Yesterday afternoon my husband helped me put together the new cider press I bought. It sits in the living room, a handsome classic in wood and cast iron, ready to grind and juice the harvest of apples I have grown or got permission to glean.

On the floor in the kitchen sits my canning pot and two boxes of jars and lids, ready to hold sauce made from two large bowls of fresh tomatoes on the counter. Outside the basil is ready to pick and dry, the savory and onion seedlings ready to plant.

In the garage I have stored the parts of a chair I refinished and the pillows I recovered, needing a few day of labor to finish up repairs and reassemble. Also there is a laundry plunger, which I had planned to use to set up a non-electric laundry system that would get our things much cleaner than the half-hearted tumbling actions of our handsome new front loader from the big box store. My sewing and craft supplies are stored there, too, not used except in cases of necessity.

I have ideas for a writing project, a yard redo, a bicycle storage shed, an organic permaculture expansion. Somewhere I stored away my daughter’s partially finished quilt, and fabric for projects I was going to do with the kids to teach them to sew.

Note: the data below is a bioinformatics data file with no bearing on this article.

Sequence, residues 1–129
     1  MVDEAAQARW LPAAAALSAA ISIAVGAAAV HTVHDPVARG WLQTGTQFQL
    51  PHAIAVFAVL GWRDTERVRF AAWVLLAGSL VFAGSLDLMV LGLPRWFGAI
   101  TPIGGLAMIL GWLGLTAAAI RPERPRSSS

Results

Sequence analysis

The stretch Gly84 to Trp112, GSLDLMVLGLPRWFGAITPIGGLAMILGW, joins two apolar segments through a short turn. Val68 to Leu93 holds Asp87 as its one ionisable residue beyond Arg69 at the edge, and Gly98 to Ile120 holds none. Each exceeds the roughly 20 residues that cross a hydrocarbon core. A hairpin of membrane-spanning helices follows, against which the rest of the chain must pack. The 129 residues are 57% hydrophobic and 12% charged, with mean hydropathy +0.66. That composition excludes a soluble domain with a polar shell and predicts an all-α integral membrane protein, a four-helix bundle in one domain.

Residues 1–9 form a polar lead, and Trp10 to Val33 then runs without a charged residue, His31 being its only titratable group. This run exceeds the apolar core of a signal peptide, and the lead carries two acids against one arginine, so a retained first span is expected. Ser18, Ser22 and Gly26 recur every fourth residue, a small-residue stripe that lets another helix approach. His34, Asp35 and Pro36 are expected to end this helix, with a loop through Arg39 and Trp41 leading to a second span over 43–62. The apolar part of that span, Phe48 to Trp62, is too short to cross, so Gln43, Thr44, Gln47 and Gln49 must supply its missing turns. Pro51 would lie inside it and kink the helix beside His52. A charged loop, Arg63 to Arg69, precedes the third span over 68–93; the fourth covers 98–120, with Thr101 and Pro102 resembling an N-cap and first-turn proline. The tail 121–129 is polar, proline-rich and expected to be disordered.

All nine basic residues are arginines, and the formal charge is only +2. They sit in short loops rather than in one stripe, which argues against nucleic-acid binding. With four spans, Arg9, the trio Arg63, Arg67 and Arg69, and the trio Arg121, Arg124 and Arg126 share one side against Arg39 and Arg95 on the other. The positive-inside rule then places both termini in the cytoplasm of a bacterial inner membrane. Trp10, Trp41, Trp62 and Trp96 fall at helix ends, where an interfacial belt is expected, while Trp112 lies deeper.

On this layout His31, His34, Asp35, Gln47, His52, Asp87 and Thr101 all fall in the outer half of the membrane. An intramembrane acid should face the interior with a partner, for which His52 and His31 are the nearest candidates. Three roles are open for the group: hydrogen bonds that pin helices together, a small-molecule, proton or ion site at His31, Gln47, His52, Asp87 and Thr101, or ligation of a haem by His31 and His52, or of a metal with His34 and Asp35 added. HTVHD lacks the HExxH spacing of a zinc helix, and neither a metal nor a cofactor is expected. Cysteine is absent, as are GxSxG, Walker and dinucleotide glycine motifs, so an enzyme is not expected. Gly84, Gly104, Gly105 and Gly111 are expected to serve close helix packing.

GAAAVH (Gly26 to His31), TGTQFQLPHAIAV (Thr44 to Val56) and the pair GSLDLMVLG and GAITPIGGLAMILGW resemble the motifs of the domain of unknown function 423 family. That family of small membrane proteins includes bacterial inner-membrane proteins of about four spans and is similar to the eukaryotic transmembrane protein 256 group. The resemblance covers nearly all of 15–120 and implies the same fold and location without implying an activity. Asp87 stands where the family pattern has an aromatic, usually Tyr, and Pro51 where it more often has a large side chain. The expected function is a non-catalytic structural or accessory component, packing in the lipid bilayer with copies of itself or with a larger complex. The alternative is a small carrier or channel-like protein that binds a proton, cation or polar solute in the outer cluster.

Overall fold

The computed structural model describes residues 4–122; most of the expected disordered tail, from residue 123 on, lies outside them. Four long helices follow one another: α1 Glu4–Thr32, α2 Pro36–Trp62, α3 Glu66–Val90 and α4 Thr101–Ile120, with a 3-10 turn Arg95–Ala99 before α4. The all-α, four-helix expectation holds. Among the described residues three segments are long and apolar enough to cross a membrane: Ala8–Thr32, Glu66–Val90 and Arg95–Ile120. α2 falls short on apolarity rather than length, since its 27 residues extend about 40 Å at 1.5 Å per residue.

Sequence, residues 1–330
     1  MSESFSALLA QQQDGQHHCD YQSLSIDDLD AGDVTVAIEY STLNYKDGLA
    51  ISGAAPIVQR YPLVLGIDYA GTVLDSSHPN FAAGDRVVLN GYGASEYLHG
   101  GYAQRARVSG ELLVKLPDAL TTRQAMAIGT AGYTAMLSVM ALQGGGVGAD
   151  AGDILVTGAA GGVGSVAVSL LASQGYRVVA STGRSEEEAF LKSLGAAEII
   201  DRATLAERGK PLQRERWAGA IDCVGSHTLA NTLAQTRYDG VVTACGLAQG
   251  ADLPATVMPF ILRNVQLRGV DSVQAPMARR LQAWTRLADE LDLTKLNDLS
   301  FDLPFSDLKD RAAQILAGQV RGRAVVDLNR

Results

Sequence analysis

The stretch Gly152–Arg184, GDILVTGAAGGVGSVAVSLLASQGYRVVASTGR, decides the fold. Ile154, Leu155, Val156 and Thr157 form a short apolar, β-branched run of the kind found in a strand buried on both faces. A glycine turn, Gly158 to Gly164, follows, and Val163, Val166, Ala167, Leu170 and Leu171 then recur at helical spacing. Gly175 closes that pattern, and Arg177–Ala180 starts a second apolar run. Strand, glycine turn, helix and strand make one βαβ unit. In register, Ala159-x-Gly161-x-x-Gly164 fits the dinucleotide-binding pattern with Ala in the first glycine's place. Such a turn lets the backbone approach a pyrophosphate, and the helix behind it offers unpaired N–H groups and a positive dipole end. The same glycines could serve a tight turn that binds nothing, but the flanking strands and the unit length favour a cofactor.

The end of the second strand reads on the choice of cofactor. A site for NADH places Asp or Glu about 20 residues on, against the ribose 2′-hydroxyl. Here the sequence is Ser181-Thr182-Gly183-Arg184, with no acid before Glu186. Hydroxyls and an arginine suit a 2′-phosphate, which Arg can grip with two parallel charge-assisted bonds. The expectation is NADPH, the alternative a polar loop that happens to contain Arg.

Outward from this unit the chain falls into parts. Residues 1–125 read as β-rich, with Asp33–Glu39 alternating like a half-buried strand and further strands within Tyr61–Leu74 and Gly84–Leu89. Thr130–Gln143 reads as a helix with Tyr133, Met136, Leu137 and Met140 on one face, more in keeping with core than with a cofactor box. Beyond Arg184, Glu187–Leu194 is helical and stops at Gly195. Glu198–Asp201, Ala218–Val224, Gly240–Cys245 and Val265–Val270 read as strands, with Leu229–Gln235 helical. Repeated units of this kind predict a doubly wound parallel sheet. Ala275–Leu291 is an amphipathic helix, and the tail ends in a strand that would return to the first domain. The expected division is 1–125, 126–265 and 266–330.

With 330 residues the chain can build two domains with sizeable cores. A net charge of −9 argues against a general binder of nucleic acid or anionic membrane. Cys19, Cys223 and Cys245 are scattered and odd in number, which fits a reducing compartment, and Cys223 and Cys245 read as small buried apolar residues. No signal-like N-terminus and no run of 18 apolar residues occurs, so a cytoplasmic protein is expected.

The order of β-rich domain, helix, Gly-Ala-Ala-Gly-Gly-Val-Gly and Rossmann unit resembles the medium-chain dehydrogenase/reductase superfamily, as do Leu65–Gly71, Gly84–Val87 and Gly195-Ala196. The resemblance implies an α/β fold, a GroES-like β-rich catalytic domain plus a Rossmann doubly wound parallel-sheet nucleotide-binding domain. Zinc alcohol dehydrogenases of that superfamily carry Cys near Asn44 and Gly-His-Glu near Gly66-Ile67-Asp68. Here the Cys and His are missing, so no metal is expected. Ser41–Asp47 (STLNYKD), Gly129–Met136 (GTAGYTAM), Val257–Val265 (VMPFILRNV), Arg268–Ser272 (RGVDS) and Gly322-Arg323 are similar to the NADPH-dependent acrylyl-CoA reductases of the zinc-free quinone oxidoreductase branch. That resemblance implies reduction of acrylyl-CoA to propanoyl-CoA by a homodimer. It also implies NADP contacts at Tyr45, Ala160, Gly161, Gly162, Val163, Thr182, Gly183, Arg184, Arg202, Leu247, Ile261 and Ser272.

Out of my office window (I have to vacate in a few weeks) I see a father and small son heading past the dock on a standup paddle board. I bought one of those, too this spring, and have not yet found the time to use it. Since my foot and knee started complaining, I have been hoping to transition to more water based exercise and cycling. Last week my husband was urging me to shop for bicycles now that they are on sale, knowing mine is shot and that I’d wanted to ditch the car for a good commuter bike when I had the chance. I had to tell him it’s still not practical, since we have no bike storage, and now my job is twenty miles away up a busy route.